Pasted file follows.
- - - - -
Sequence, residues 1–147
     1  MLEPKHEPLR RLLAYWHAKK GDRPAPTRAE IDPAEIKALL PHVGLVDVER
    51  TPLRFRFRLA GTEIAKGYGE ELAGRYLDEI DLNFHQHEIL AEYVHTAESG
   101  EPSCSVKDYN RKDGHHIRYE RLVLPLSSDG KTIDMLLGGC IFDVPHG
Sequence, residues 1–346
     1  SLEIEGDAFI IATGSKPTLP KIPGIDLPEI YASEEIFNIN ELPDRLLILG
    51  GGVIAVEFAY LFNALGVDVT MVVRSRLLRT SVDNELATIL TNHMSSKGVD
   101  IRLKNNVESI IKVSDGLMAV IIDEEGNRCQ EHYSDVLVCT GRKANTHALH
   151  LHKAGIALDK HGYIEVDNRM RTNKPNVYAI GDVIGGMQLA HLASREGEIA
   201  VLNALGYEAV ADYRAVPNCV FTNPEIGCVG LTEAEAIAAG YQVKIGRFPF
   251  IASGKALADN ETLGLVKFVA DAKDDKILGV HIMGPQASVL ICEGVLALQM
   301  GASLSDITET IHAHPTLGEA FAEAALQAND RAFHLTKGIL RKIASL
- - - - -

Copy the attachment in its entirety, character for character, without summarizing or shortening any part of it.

Sequence, residues 1–147
     1  MLEPKHEPLR RLLAYWHAKK GDRPAPTRAE IDPAEIKALL PHVGLVDVER
    51  TPLRFRFRLA GTEIAKGYGE ELAGRYLDEI DLNFHQHEIL AEYVHTAESG
   101  EPSCSVKDYN RKDGHHIRYE RLVLPLSSDG KTIDMLLGGC IFDVPHG
Sequence, residues 1–346
     1  SLEIEGDAFI IATGSKPTLP KIPGIDLPEI YASEEIFNIN ELPDRLLILG
    51  GGVIAVEFAY LFNALGVDVT MVVRSRLLRT SVDNELATIL TNHMSSKGVD
   101  IRLKNNVESI IKVSDGLMAV IIDEEGNRCQ EHYSDVLVCT GRKANTHALH
   151  LHKAGIALDK HGYIEVDNRM RTNKPNVYAI GDVIGGMQLA HLASREGEIA
   201  VLNALGYEAV ADYRAVPNCV FTNPEIGCVG LTEAEAIAAG YQVKIGRFPF
   251  IASGKALADN ETLGLVKFVA DAKDDKILGV HIMGPQASVL ICEGVLALQM
   301  GASLSDITET IHAHPTLGEA FAEAALQAND RAFHLTKGIL RKIASL